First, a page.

Long-jumper Klishina blasts critics after clearance to compete in Rio

Russia's Darya Klishina © Charles Platiau
Russian long-jumper Darya Klishina has hit back at critics who branded her a traitor after she was cleared to compete under a neutral flag at the Rio 2016 Olympic Games.

Last Sunday's decision by the International Association of Athletics Federations (IAAF) to uphold Klishina's appeal against a blanket ban on her Russia's track and field athletes for doping led to the athlete attracting criticism on social media.

Kremlin pool journalist Dmitry Smirnov likened Klishina's actions to those of the Soviets who collaborated with the Nazis during World War II.

With the case of WADA informant Yulia Stepanova still being studied by the International Olympic Committee (IOC), the spokesman for Russia's Federal Investigative Committee, Vladimir Markin, also took to social media to express his displeasure.

He linked the duo to Grigory Rodchenkov, the former head of the Russian doping lab, who fled to the US, alleging details of mass doping and corruption in Russian sport.

Klishina has responded to the criticism, defending her right to be allowed to take part in the Games.

"I would like to point out that I didn't start training in the USA with an American coach a month before this situation turned out the way it did - I have been there for three years," she said.

"Therefore, I think it is wrong to criticize me and call me a traitor. I am still really waiting and hoping that I will not be going to Rio alone.

"I want to believe that the Court of Arbitration for Sport in Lausanne, following its decision on July 19, will give us a positive decision.

Darya Klishina © Sergei Karpukhin

"Now we all need support. Let's unite and we will believe right to the end that we will compete in Rio as a team."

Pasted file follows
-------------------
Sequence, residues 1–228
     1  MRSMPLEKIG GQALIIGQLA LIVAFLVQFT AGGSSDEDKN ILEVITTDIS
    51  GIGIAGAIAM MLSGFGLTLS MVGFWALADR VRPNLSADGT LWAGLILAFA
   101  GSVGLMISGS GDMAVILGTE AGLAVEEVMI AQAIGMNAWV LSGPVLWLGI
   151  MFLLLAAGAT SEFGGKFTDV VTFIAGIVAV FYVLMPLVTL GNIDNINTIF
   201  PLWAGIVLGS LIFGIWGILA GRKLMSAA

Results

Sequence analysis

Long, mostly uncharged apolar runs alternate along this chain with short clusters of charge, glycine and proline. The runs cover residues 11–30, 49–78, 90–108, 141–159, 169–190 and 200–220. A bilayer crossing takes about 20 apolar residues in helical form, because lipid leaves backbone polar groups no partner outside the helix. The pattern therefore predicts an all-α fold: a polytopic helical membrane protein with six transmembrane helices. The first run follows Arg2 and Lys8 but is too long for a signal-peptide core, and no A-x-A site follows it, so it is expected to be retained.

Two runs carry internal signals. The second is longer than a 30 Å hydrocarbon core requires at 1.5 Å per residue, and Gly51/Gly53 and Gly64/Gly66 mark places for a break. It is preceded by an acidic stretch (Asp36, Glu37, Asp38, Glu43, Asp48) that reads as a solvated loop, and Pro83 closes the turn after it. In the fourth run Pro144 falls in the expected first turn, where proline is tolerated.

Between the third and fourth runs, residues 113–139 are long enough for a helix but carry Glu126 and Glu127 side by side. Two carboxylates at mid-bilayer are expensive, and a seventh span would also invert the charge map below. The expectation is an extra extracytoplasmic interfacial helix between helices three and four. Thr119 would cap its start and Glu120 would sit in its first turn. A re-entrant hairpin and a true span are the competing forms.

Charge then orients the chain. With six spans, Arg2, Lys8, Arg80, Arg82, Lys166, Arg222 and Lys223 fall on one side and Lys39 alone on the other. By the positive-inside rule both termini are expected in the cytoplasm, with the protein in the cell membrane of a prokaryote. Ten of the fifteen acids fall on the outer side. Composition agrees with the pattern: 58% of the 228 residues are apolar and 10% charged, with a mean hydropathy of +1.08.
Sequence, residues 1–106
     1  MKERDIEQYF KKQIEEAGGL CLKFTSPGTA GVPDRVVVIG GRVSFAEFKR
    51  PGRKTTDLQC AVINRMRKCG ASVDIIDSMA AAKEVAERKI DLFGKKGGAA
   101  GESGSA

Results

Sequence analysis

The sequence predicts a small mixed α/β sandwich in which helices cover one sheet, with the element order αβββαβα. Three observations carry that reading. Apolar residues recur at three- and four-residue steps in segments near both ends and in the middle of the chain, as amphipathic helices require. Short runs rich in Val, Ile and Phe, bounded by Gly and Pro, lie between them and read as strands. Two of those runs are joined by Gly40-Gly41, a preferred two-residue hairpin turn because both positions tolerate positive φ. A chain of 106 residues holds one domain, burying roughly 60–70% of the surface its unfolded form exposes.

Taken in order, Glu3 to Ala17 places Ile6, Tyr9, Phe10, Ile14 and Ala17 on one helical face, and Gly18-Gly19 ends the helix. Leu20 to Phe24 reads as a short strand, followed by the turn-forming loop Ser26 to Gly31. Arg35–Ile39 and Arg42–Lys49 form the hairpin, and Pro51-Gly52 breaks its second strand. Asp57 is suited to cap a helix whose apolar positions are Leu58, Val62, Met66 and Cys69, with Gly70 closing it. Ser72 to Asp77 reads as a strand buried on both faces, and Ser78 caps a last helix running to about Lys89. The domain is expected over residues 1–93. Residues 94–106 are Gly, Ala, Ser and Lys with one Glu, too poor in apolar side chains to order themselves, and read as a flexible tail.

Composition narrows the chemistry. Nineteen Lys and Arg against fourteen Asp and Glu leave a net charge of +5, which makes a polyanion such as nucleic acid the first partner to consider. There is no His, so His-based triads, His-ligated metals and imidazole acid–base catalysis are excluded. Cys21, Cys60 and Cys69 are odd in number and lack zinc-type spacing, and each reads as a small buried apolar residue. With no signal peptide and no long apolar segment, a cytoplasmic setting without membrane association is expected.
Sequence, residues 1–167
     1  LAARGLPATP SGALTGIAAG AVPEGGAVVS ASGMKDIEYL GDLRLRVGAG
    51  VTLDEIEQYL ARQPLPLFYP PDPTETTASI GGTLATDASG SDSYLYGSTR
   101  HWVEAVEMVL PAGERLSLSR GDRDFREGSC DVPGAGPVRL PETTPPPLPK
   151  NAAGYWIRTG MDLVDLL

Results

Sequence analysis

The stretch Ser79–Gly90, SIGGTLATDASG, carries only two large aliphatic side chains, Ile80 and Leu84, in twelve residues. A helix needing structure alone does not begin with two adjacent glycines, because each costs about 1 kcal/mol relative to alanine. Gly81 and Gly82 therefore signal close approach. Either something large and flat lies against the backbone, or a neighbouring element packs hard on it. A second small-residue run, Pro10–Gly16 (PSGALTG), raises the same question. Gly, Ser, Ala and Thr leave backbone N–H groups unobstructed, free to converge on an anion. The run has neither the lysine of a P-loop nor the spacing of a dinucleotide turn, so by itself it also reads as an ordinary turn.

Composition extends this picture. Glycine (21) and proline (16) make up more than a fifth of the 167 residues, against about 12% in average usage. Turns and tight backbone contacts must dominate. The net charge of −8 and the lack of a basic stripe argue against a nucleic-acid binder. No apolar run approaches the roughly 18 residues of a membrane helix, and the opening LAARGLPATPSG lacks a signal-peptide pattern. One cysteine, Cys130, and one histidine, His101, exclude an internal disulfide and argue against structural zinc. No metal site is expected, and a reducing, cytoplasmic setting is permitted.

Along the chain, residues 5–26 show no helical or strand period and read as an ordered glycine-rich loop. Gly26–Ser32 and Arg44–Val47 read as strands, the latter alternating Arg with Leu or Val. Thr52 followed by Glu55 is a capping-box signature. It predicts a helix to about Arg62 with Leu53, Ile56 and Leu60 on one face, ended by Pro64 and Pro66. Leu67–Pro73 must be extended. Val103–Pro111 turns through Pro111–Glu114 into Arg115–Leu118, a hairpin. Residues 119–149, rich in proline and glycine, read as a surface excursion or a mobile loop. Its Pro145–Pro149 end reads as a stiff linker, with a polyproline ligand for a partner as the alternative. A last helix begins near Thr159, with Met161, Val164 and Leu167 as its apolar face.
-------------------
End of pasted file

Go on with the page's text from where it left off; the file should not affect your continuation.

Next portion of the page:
Klishina still needs final clearance from the IOC, but this appears to be a formality after comments made by its president, Thomas Bach, on Wednesday, in which he stressed each individual case would be treated on its merits.

"It is obvious you cannot sanction a badminton player for an infringement of the rules by an official or a lab director at the Winter Games," said Bach.

"In the same way we would not consider sanctioning all athletes from a particular sport if there is manipulation of the rules by the leadership of a federation.

READ MORE: Russian athletes must be individually evaluated to determine Olympic eligibility - IOC

"What we have to do is take decisions based on facts and to find the right balance between a collective responsibility and individual justice."

He also offered hope to Klishina that she could be allowed to compete under the Russian flag as opposed to being a neutral athlete.

"She has been declared eligible by her international federation," he added. "Now it is up to her National Olympic Committee to decide about her entry to the Games and then she would be a member of the Russian team."

Elsewhere, Russian Sports Minister Vitaly Mutko has backed swimmer Yulia Efimova after the four-time world champion was cleared to compete in Rio.

Efimova was suspended earlier this year after a doping sample showed the presence of banned substance meldonium, but the International Swimming Federation (FINA) withdrew all charges against the swimmer on Tuesday.

"Let her work," said Mutko. "We believe and continue believing in her good performance at the 2016 Olympic Games.

"It is also true of all the athletes, the charges against whom will now be withdrawn. There has been so much criticism. They have created a mountain out of a molehill.

"It was wrong that the World Anti-Doping Agency (WADA) acted that way.

"It ought to have conducted a research prior to imposing bans. We excruciated and criticized ourselves, saying we should study each formula.

"We certainly should but it is not our function. It is necessary to be responsible before sport and people," the minister said.

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